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$1400 or Less i7 Build

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March 12, 2009 4:02:16 AM

Originally posted in CPU forum because I didn't know this one existed.

Building a computer, I have a whole $1400 to spend. I was originally planning on keeping it under $1000, and I probably could if I swapped out the i7 with a Quad Core to either bring it down below $1000, or allow myself to put a better video card in here. But the way I see it, the i7 is worth it so I don't have to upgrade as much down the road. Or am I wrong?

I will be using this computer for pretty much everything. Gaming, torrents, general internet use, etc.

1 x Cooler Master Elite 330 Chassis ($54.99)
http://www.memoryexpress.com/Products/PID-MX14200(ME).aspx

1 x Intel - Core i7 Processor 920 2.66GHz w/ 8MB Cache ($374.99)
http://www.memoryexpress.com/Products/PID-MX22588(ME).aspx

1 x Gigabyte - GA-EX58-DS4 w/ TripleDDR3 2100, 7.1 Audio, Gigabit Lan, 1394, PCI-E, CrossFireX ($279.99)
http://www.memoryexpress.com/Products/PID-MX22907(ME).aspx

1 x Patriot - Extreme Performance Viper Series DDR3 6GB (3 x 2GB) PC3-10666 Enhanced Latency DIMM Kit ($119.99)
http://www.memoryexpress.com/Products/PID-MX22582(ME).aspx

1 x Western Digital - 320GB Caviar Blue 7200rpm SATA II w/ 16MB Cache ($59.99)
http://www.memoryexpress.com/Products/PID-MX12534(ME).aspx

1 x eVGA e-GeForce 9800 GT SuperClocked 512MB PCI-E w/ Dual DVI, HTDV-Out
http://www.memoryexpress.com/Products/PID-MX21589(ME).aspx

1 x ANTEC - TruePower Trio 650W Power Supply w/ Triple +12V ($119.99)
http://www.memoryexpress.com/Products/PID-MX15223(ME).aspx

1 x Microsoft - Windows Vista Home Basic x64 (64-bit) DVD w/ SP1, OEM, 1-Pack ($115.99)

Grand Total: $1365 after GST

Now, there's a couple things. I have an older system I can steal some parts out of. Unfortunately the only thing that could really be used is the DVD-Writer. So that saves me $30 or so. There is a 160GB HD in there, but I don't know what speed its at. I'm going to turn it on later and check, and if it somehow happens to be 7200RPM I'll just use that instead, saving me another $60.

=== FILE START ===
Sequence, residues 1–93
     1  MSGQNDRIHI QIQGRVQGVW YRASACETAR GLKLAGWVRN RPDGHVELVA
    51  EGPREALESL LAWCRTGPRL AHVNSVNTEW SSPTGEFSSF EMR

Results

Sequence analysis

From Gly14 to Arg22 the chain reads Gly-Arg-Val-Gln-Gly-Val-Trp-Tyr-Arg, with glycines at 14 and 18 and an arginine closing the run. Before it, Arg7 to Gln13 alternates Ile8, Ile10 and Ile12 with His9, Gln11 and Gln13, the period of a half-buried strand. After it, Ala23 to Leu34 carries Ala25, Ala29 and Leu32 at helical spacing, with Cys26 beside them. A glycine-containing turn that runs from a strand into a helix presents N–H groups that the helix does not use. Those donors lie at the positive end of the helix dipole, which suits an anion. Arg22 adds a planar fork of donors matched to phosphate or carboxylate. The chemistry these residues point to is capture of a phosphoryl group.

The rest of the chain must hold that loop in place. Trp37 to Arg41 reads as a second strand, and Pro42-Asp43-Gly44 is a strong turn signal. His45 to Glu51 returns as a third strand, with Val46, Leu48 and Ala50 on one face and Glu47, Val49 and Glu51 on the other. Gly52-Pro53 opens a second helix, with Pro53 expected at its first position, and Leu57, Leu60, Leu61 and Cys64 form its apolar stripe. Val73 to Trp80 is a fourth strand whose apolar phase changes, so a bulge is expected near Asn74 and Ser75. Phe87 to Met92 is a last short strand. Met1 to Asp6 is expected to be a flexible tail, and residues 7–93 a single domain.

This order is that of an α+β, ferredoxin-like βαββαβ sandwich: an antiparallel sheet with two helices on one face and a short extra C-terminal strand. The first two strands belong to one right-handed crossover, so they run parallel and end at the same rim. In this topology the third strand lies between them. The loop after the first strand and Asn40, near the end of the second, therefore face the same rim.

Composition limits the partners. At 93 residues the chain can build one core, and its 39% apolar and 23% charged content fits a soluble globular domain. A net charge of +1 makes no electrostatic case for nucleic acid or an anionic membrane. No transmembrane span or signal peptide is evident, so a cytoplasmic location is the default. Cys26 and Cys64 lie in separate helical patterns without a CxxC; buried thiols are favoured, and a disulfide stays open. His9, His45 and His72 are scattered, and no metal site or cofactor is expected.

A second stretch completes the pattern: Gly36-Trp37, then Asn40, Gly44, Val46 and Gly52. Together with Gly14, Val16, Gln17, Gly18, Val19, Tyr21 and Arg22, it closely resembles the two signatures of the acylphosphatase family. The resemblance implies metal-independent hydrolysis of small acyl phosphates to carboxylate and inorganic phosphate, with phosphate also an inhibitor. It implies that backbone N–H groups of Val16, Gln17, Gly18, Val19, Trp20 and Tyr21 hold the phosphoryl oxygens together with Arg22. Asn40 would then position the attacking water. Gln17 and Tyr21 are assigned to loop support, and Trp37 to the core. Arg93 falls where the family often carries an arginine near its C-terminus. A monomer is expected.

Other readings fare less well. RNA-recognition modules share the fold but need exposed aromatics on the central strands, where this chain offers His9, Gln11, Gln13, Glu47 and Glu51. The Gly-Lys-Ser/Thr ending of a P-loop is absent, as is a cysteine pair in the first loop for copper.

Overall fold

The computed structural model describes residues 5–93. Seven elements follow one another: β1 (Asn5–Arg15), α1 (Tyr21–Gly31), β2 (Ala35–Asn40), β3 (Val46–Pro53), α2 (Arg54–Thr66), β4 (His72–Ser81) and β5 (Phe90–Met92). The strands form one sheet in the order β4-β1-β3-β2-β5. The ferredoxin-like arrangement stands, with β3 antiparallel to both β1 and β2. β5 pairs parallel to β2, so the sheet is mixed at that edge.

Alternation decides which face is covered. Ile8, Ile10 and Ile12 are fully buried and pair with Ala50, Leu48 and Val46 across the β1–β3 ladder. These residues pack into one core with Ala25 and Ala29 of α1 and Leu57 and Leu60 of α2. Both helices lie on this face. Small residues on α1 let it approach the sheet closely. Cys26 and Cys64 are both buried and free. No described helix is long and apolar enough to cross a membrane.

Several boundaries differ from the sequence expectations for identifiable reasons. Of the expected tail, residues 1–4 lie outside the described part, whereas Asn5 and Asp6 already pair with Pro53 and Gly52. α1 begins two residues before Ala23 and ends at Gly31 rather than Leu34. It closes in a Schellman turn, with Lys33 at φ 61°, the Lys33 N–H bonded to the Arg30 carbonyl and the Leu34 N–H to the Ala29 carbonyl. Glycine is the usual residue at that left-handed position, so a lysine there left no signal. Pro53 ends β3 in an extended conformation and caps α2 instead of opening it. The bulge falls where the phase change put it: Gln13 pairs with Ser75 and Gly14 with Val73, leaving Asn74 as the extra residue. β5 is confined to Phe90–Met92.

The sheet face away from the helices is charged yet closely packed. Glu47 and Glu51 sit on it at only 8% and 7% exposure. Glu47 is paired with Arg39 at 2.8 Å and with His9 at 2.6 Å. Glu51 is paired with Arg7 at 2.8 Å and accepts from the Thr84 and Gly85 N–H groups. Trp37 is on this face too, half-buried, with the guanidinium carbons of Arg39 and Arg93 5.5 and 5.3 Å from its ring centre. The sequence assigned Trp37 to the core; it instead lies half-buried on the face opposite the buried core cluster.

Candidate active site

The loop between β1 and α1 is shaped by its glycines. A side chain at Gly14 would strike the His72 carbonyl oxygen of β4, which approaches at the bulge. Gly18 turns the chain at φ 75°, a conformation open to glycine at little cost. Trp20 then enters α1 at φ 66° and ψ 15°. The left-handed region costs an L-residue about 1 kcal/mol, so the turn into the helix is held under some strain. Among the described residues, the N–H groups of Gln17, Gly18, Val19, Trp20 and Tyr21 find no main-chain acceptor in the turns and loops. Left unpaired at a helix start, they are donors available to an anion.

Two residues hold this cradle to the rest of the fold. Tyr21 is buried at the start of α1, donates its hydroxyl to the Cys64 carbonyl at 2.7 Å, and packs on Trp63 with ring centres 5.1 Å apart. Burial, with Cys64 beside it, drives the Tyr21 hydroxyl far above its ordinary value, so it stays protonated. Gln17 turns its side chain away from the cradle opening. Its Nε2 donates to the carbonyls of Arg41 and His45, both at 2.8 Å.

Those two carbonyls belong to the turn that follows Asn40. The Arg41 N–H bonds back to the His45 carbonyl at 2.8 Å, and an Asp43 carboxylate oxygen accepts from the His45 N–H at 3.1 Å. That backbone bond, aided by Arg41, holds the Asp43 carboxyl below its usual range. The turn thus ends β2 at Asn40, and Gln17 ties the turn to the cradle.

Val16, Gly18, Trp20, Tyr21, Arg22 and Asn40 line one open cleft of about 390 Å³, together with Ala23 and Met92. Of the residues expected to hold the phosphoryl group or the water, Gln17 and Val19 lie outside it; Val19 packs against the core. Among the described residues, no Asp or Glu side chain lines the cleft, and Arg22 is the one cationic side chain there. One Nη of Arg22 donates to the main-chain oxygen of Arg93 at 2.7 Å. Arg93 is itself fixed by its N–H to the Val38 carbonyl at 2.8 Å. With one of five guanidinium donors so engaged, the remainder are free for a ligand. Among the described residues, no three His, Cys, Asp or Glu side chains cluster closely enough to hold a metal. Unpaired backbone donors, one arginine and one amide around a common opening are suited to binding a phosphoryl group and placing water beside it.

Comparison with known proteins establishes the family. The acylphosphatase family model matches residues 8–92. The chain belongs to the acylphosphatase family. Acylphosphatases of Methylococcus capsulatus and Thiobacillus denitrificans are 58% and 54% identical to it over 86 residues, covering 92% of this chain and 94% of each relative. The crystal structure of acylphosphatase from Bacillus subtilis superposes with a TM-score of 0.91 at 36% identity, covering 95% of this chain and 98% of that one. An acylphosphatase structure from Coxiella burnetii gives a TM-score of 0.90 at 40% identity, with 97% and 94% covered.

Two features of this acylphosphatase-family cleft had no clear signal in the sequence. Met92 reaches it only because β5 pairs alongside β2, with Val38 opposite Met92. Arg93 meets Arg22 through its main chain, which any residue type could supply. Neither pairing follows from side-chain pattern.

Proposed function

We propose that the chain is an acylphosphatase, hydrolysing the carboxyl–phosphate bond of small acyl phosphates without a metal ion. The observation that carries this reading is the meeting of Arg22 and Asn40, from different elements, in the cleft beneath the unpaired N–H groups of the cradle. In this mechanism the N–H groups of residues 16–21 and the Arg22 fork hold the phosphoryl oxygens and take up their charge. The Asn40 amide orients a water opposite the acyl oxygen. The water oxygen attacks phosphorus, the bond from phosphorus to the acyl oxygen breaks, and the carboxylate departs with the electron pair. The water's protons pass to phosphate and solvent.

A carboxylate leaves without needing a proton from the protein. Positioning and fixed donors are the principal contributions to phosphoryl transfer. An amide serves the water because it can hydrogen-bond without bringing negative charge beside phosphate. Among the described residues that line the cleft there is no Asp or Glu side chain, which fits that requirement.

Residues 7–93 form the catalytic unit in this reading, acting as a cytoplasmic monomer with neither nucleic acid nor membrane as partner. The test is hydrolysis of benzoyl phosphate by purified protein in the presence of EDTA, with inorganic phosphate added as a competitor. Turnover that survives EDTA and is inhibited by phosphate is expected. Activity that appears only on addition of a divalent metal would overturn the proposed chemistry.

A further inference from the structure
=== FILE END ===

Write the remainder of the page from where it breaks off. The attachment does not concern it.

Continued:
As well, I really am not sure what size of PSU to use with these parts. My friend suggested I get AT LEAST 700W, so I threw a 650W in there as a placeholder. Does anyone know for sure what size I will need?

And I know this question was somewhat answered in a previous topic I made, but is it a good idea to use the i7? I know it's expensive, and to keep costs down I had to skimp a tad on the video card and case, but I'm assuming it will last me a HELL of a lot longer than say a Quad Core. I know I could overclock the Quad to get some crazy good speeds, but I could also run this thing at stock for a while, and then a couple years down the road when it needs it, OC it. Can this chip take an OCing in comparison to others?

If you have any suggestions as to places where I could cut costs, or maybe should spend a little more, let me know. Like for example, getting a 9600 instead of the 9800 for cheaper. Or maybe a 4350? Stuff like that.

Thanks a bunch guys.

EDIT: Sorry guys, I just read another topic and forgot to include some stuff in this post. Newbie here, don't judge haha. I live in Canada, and will probably be buying all of my stuff off of www.memoryexpress.com. I checked out newegg.ca, and they have comparative prices, but then I would have to pay for shipping as well, which pushes it over what I would pay at Mem Express.

More about : 1400 build

March 12, 2009 4:23:07 AM

With a 9800GT as your video card you could get buy with a 400-500W PSU unless you're planning on using more than one....or possibly upgrading to a more powerful GPU later.

I think most everyone here would recommend the Corsair 650TX over the Antec TruePower Trio. The Corsair 550VX would also be a good choice. OCZ 600W GameXStream (+) or OCZ 600W StealthXStream (-) would also be acceptable PSUs from that source of supply. Any of those would handle 2x 9800GTX+ in SLI.

Core i7 CPUs overclock well, but depending on your monitor size / resolution (???) it might not do much good as you'll be GPU limited.

To be honest you'd do a LOT better getting a more powerful GPU then building the rest of the system you can afford around that video card.
March 12, 2009 4:33:19 AM

WR2 said:
With a 9800GT as your video card you could get buy with a 400-500W PSU unless you're planning on using more than one....or possibly upgrading to a more powerful GPU later.

I think most everyone here would recommend the Corsair 650TX over the Antec TruePower Trio. The Corsair 550VX would also be a good choice. OCZ 600W GameXStream (+) or OCZ 600W StealthXStream (-) would also be acceptable PSUs from that source of supply. Any of those would handle 2x 9800GTX+ in SLI.